Friday, January 12, 2018

Plaintiff's Motion to Remand Post-Koken Claim Back To State Court Denied

In his recent decision in the case of Hagan v. Leon, No. 3:17-cv-2155 (M.D. Pa. Jan. 3, 2018 Mariani, J.) (Mem. Op. Judge Robert D. Mariani of the Federal Middle District Court of Pennsylvania), the court denied a Plaintiff’s Motion to Remand his post-Koken claims back to the state court.  

Judge Robert D. Mariani
M.D. Pa.
In this matter, the Plaintiff sued the alleged third party tortfeasor Defendants on a negligence claim and his own carrier, Progressive, for underinsured motorist benefits.

The Plaintiff had previously released the tortfeasor Defendants in exchange for a payment of $15,000.00 along with an agreement to refuse any consent to removal that may be sought if the UIM carrier attempted to remove the case to federal court.  

Thereafter, Progressive filed a Notice of Removal to which the Plaintiff responded with a Motion to Remand.   The Plaintiffs asserted that the Notice of Removal failed to allege citizenship of all parties at the time the Complaint was filed and further asserted that not all Defendants had consented to the removal as required by the removal statute.  

On the same day that the Plaintiffs’ Motion to Remand was filed, Progressive amended its Notice of Removal to include allegations of the citizenship of all of the parties at the time the Complaint was filed.  

After reviewing the matter, the court found that both of the Plaintiffs’ arguments lacked merit and, therefore, denied the Plaintiff’s Motion to Remand.  

Judge Mariani more specifically noted that Progressive’s Amended Notice of Removal clearly stated that, at the time the Plaintiffs’ Complaint was filed, the Plaintiffs were citizens of Pennsylvania and the tortfeasor Defendants were citizens of New Jersey and the UIM carrier Defendant was a citizen of Ohio.   Accordingly, the court found that, even if Progressive’s original Notice of Removal was deficient, the defect was cured by the amendment.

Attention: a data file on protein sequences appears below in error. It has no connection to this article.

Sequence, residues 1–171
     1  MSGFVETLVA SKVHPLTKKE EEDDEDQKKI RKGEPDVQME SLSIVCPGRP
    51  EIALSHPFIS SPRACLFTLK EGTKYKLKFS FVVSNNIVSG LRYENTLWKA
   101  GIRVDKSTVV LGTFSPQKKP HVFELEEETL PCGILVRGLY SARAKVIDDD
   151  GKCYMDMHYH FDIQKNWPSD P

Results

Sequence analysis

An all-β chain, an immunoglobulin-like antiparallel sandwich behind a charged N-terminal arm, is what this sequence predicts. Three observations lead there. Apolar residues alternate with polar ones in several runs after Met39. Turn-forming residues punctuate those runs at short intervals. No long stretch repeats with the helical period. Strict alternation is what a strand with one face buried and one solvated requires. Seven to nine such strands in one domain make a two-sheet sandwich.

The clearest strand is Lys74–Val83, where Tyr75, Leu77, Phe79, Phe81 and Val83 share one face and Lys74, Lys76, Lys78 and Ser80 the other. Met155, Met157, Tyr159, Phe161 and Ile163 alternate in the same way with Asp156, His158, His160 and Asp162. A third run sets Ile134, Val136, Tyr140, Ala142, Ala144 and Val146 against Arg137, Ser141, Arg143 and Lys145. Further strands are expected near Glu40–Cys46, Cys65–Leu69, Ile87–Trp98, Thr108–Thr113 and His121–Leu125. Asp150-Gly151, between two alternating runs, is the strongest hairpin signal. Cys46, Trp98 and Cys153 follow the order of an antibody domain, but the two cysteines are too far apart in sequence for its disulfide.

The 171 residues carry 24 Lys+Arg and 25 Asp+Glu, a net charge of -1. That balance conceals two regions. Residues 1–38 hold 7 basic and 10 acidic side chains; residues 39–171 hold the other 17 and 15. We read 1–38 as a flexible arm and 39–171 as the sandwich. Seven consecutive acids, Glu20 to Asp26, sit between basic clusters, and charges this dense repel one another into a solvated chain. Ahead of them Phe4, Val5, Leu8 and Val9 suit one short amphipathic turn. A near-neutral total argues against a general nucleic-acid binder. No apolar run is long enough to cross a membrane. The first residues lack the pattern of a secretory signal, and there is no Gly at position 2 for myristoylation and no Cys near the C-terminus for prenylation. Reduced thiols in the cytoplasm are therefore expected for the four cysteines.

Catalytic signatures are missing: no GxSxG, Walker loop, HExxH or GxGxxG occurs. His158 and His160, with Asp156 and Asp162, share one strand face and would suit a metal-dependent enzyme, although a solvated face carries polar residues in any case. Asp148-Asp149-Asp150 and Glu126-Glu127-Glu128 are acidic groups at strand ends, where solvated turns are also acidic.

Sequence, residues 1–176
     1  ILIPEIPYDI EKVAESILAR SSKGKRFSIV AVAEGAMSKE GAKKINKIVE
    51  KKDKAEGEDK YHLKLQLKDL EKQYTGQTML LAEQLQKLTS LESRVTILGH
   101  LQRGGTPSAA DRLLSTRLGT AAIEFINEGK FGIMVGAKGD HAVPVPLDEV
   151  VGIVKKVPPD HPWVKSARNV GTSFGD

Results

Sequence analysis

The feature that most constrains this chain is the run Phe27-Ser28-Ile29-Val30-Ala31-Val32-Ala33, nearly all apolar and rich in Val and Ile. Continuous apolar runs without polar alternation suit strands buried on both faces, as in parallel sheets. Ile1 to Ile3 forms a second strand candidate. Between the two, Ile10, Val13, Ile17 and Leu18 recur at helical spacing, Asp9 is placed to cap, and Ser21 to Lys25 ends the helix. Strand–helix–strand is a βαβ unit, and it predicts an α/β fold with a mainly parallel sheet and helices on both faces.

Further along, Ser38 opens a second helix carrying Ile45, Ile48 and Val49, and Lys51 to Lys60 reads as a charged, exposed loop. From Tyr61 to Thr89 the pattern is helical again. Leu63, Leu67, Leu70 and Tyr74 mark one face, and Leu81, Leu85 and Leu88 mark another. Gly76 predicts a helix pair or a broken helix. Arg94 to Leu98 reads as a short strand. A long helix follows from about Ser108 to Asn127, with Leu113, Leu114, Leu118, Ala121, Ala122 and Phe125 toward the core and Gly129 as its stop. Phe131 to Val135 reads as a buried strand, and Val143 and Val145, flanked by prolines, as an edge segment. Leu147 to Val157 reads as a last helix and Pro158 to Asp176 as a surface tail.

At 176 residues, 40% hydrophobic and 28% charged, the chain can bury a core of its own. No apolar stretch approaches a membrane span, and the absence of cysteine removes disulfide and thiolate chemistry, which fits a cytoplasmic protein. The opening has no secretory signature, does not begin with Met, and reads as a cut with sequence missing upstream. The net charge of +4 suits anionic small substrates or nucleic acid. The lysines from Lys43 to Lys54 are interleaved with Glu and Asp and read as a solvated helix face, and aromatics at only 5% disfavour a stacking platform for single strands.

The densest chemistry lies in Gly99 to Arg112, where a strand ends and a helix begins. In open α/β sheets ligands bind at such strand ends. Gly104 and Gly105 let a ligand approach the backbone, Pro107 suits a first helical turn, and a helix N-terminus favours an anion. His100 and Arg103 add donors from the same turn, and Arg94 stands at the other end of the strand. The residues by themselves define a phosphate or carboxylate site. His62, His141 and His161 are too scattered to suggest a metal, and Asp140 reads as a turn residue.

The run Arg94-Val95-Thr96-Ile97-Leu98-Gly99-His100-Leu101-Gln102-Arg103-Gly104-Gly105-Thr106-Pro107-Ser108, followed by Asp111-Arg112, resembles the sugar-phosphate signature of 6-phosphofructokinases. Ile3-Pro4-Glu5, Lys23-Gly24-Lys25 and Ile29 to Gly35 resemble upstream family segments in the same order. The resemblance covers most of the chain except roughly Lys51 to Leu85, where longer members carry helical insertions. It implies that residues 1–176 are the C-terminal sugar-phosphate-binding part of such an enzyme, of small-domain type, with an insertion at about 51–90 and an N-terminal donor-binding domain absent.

Turning to the Plaintiffs’ second argument, the court reviewed the procedure for removing a civil case to federal court under 28 U.S.C. §1446.  The court noted that this code provision has been construed to require that, when there is more than one (1) Defendant, all must join in the removal petition.   However, the court noted a recognized  exception that provided that the unanimity rule may be disregard where (1) a non-joining party is an unknown or nominal party; or (2) where a defendant has been fraudulently joined.  

The court noted that nominal parties are generally those  parties without any real interest in the litigation.

Here, the court noted that the tortfeasor Defendants had been released from the matter by way of a settlement agreement.  Accordingly, the court found that the tortfeasors had no real remaining interest in the litigation and, therefore, were, consequently, nominal parties from whom consent was no longer required to support a removal of a state court litigation to federal court.  

In so ruling, Judge Mariani stated that it did not appear that the Third Circuit Court of Appeals had ever considered a similar fact pattern prior to this decision.  However, the court noted that similar rulings have been issued by the Fifth Circuit Court of Appeals and the Eighth Circuit Court of Appeals granting remands under analogous facts.   As such, the Plaintiff’s Motion to Remand was denied.  

Anyone wishing to review a copy of this decision may click this  LINK.


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